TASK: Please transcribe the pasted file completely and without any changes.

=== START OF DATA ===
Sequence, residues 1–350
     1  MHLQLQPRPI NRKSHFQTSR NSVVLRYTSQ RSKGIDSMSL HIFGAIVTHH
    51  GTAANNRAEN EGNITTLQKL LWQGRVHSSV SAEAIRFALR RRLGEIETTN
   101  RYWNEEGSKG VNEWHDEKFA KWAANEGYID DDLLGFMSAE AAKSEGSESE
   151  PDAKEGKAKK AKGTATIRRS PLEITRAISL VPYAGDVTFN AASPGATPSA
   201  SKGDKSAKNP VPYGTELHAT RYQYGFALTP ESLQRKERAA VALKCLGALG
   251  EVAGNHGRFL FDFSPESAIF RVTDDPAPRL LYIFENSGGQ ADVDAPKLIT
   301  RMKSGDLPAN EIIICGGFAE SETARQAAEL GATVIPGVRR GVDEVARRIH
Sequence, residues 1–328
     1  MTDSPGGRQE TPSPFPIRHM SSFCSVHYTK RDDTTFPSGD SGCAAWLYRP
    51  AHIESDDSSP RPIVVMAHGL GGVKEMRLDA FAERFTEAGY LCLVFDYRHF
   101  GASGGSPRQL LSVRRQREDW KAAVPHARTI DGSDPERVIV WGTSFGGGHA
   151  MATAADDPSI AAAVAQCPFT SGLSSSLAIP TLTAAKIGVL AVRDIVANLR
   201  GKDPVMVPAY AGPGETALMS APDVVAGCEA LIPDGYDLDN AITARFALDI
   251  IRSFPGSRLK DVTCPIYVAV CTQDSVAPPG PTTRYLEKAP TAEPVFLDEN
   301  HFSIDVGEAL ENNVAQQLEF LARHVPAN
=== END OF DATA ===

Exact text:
Sequence, residues 1–350
     1  MHLQLQPRPI NRKSHFQTSR NSVVLRYTSQ RSKGIDSMSL HIFGAIVTHH
    51  GTAANNRAEN EGNITTLQKL LWQGRVHSSV SAEAIRFALR RRLGEIETTN
   101  RYWNEEGSKG VNEWHDEKFA KWAANEGYID DDLLGFMSAE AAKSEGSESE
   151  PDAKEGKAKK AKGTATIRRS PLEITRAISL VPYAGDVTFN AASPGATPSA
   201  SKGDKSAKNP VPYGTELHAT RYQYGFALTP ESLQRKERAA VALKCLGALG
   251  EVAGNHGRFL FDFSPESAIF RVTDDPAPRL LYIFENSGGQ ADVDAPKLIT
   301  RMKSGDLPAN EIIICGGFAE SETARQAAEL GATVIPGVRR GVDEVARRIH
Sequence, residues 1–328
     1  MTDSPGGRQE TPSPFPIRHM SSFCSVHYTK RDDTTFPSGD SGCAAWLYRP
    51  AHIESDDSSP RPIVVMAHGL GGVKEMRLDA FAERFTEAGY LCLVFDYRHF
   101  GASGGSPRQL LSVRRQREDW KAAVPHARTI DGSDPERVIV WGTSFGGGHA
   151  MATAADDPSI AAAVAQCPFT SGLSSSLAIP TLTAAKIGVL AVRDIVANLR
   201  GKDPVMVPAY AGPGETALMS APDVVAGCEA LIPDGYDLDN AITARFALDI
   251  IRSFPGSRLK DVTCPIYVAV CTQDSVAPPG PTTRYLEKAP TAEPVFLDEN
   301  HFSIDVGEAL ENNVAQQLEF LARHVPAN